Enhanced Audit Reporting – The profession in APAC calls for better awareness and education

Published date: September 7, 2018

In the first quarter of 2015, the International Auditing and Assurance Standards Board (IAASB) released its new and revised auditor reporting standards. The most significant enhancement is the new requirement for auditors to communicate “Key Audit Matters” (KAMs), described by the IAASB as ‘those matters that the auditor views as most significant, with an explanation of how they were addressed in the audit’. This was reflected in a new auditing standard, ISA 701, Communicating Key Audit Matters in the Independent Auditor’s Report, and is mandatory for listed entities only. The IAASB also revised ISA 720, The Auditor’s Responsibilities Relating to Other Information, with an aim to clarify and increase the auditor’s involvement with “other information”, which the IAASB defined as ‘financial an non-financial information, other than the audited financial statements, that is included in an entity’s annual report’. Both the new and revised standards were effective for audits of financial statements for periods ending on or after 15 December 2016.

Numerous countries around the world, including several from the Asia-Pacific region, adopted and implemented the new and revised ISAs. We have since witnessed the first generation of the enhanced auditor’s report being produced and utilised by a wide range of stakeholders. Various groups within the profession, including the IAASB, have been engaging with the users of these reports to gauge its effectiveness and to invite comments for improvement.

Being and important development in auditing, and one that is sparking high interest in and around the profession, the Confederation of Asian and Pacific Accountants (CAPA) brought together leaders and representatives of professional accountancy organisations (PAOs) from 17 countries for discussions around enhanced auditor’s report (EAR) following the implementation of ISAs 701 and 720. These countries are in various stages of implementation and are broadly categorised as (1) those that have adopted with an implementation date aligned to the ISAs, (2) those that have adopted with a later effective date, and (3) those that are still considering adoption. The topic was discussed at a meeting with these PAOs, all of whom are members of CAPA, and the session was facilitated by Chun Wee Chiew, a board member of the IAASB and Head of Policy for ASEAN ANZ at ACCA.

CAPA members discussed the benefits of the EAR including the reporting of KAMs, and the hurdles to full realisation of these benefits. Many agreed that the reporting of KAMs has allowed audit reports to be specifically tailored to an entity thereby providing higher quality information and better transparency to investors and stakeholders about the audit that was performed. It therefore assists to demonstrate the positive value of an audit, which contributes to public trust, and in turn raises the profile of the profession. It has also led to management enhancing the associated disclosures with management and auditors regarding the matters subject to these disclosures.

Whilst these benefits were seen to prevail, some challenges were noted. Drafting and discussing KAMs may require additional resources which may lead to auditors having to charge a higher fee. Some expressed that the enhanced reports may be too complex for investors to understand, especially retail investors who are used to the old audit pass/fail template. Others raised the issue of client confidentiality over the amount of information that gets disclosed. and linked to that, the worry that reporting KAMs may create liability exposures for the auditors. However, these challenges were seen as manageable rather than major negatives.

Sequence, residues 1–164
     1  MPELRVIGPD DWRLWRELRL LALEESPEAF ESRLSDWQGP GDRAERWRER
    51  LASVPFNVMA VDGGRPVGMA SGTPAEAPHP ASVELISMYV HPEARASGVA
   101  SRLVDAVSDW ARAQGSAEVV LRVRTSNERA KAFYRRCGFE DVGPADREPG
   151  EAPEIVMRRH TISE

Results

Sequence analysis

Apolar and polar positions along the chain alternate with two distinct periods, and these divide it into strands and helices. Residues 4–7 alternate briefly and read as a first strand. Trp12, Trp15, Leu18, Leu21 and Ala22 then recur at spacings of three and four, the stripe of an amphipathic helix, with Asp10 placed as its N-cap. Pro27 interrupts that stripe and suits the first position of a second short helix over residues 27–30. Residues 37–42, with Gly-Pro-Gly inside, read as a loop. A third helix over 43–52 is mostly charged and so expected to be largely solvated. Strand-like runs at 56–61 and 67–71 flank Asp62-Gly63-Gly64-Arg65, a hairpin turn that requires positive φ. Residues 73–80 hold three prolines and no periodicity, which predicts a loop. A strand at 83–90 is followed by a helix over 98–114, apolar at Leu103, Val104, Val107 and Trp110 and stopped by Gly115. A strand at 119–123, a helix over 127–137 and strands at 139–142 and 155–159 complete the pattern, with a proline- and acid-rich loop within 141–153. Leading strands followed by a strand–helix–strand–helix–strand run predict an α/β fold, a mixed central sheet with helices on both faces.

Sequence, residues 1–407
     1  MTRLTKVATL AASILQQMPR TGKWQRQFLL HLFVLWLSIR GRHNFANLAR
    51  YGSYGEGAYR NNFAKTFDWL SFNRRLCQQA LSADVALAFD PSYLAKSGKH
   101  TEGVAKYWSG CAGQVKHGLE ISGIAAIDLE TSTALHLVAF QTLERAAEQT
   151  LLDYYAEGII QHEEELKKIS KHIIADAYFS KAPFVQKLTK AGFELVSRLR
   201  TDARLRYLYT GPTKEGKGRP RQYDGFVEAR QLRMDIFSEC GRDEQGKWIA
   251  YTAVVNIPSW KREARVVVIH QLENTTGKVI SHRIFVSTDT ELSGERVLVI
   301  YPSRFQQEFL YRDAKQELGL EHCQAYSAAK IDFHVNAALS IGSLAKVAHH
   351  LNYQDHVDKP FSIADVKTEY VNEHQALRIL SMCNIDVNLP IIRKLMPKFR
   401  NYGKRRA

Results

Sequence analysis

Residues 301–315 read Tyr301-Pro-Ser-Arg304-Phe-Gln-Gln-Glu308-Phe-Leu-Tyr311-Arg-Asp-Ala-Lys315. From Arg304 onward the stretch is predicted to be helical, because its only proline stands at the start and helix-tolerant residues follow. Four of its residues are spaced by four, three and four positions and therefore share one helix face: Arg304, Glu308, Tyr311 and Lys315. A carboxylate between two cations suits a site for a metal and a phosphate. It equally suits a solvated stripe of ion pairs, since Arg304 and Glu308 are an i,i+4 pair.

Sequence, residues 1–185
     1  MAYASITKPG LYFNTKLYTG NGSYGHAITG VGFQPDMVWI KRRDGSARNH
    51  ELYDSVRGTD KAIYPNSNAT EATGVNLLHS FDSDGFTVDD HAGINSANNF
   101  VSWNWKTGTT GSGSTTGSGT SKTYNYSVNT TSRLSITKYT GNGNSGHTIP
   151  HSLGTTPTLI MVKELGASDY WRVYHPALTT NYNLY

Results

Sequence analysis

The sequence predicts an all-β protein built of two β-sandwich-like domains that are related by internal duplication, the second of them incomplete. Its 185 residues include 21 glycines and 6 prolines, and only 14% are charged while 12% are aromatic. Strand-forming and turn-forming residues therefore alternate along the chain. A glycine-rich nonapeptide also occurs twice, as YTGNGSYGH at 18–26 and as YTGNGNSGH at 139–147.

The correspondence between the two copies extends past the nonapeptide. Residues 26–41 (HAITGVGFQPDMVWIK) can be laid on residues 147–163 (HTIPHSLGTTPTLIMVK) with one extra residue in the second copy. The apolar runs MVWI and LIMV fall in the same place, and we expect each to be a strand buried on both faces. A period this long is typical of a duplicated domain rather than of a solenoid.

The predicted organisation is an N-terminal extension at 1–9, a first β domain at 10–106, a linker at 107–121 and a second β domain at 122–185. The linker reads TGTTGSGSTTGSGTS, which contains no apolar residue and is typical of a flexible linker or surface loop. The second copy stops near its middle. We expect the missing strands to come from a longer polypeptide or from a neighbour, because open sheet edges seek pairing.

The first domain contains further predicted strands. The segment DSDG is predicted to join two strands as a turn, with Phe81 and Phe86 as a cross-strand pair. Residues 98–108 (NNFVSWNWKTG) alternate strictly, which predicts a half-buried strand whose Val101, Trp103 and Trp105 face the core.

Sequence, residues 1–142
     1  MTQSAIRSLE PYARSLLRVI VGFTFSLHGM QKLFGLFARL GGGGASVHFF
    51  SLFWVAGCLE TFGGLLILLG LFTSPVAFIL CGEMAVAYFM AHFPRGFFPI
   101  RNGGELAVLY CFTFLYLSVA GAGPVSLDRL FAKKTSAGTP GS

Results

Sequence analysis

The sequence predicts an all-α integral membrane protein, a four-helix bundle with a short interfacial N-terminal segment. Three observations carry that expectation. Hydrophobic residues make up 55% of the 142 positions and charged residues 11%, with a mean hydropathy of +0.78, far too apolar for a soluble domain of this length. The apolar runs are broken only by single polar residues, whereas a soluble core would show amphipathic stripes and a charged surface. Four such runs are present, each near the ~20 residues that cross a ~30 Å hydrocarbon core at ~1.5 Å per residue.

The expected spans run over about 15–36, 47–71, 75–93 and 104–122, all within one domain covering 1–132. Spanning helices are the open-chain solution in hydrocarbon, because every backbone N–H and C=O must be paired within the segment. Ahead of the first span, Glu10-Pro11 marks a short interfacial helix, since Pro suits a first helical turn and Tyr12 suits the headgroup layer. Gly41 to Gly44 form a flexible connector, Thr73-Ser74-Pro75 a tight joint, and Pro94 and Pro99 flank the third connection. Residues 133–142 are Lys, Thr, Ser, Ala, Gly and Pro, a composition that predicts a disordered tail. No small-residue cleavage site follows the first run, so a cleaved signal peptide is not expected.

Certain members felt that it is still too early to determine if the reporting of KAMs will have sustained benefits because businesses need sufficient time to deal with the KAMs reported. Users of these enhanced reports may also need several years to observe and analyse the KAMs before they learn how to make full use of them to engage with the auditors and the businesses. In relation to this, members felt that the question of what other information might be useful to be included into these enhanced reports is something that will be worth revisiting in the near future.

On the question of whether the reporting of KAMs will continue to be relevant and beneficial to users, most agreed that it will remain useful well into the future. It was suggested that auditors will need to find ways to make reporting KAMs valuable such that they remain valid and are not reduced to “boilerplates”.

What key actions can the various stakeholders take to keep KAM reporting relevant and “fresh”? Prior to answering this question, members felt that there was a need to first ensure that countries are successfully adopting and implementing the new and revised standards. To this, it was suggested that continuous education of both the preparers and users of the EAR will be critical in ensuring the standards are being utilised properly to achieve good and valuable auditing and reporting.

CAPA members called for the IAASB and other bodies to continue to evaluate the experience of countries that have adopted the new and revised standards in EAR and to support countries that are in the process of adopting them. It was also suggested that PAOs work with international and regional organisations, like the International Federation of Accountants (IFAC) and CAPA, to advocate to regulators, audit committees and other relevant stakeholders to promote the advantages of EAR and how it can improve the business environment. This will in turn drive the demand for EAR and ensure that auditors maintain and improve the quality of reporting KAMs.